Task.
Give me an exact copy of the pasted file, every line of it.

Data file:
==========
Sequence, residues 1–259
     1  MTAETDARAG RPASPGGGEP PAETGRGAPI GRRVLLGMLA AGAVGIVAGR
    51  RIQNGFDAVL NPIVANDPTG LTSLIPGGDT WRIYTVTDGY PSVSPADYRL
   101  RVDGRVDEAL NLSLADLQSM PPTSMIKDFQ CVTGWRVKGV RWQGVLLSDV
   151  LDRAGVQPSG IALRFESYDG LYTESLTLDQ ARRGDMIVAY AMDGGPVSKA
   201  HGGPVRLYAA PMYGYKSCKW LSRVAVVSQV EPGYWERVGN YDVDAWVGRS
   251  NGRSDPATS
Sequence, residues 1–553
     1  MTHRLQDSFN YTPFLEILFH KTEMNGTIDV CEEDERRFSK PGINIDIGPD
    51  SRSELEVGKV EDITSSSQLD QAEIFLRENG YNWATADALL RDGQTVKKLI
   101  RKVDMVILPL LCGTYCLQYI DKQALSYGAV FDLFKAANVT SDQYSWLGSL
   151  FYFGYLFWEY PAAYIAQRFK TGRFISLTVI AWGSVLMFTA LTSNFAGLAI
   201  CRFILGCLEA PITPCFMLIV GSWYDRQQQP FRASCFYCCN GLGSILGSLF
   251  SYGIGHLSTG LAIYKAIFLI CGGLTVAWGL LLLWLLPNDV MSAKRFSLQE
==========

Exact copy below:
Sequence, residues 1–259
     1  MTAETDARAG RPASPGGGEP PAETGRGAPI GRRVLLGMLA AGAVGIVAGR
    51  RIQNGFDAVL NPIVANDPTG LTSLIPGGDT WRIYTVTDGY PSVSPADYRL
   101  RVDGRVDEAL NLSLADLQSM PPTSMIKDFQ CVTGWRVKGV RWQGVLLSDV
   151  LDRAGVQPSG IALRFESYDG LYTESLTLDQ ARRGDMIVAY AMDGGPVSKA
   201  HGGPVRLYAA PMYGYKSCKW LSRVAVVSQV EPGYWERVGN YDVDAWVGRS
   251  NGRSDPATS
Sequence, residues 1–553
     1  MTHRLQDSFN YTPFLEILFH KTEMNGTIDV CEEDERRFSK PGINIDIGPD
    51  SRSELEVGKV EDITSSSQLD QAEIFLRENG YNWATADALL RDGQTVKKLI
   101  RKVDMVILPL LCGTYCLQYI DKQALSYGAV FDLFKAANVT SDQYSWLGSL
   151  FYFGYLFWEY PAAYIAQRFK TGRFISLTVI AWGSVLMFTA LTSNFAGLAI
   201  CRFILGCLEA PITPCFMLIV GSWYDRQQQP FRASCFYCCN GLGSILGSLF
   251  SYGIGHLSTG LAIYKAIFLI CGGLTVAWGL LLLWLLPNDV MSAKRFSLQE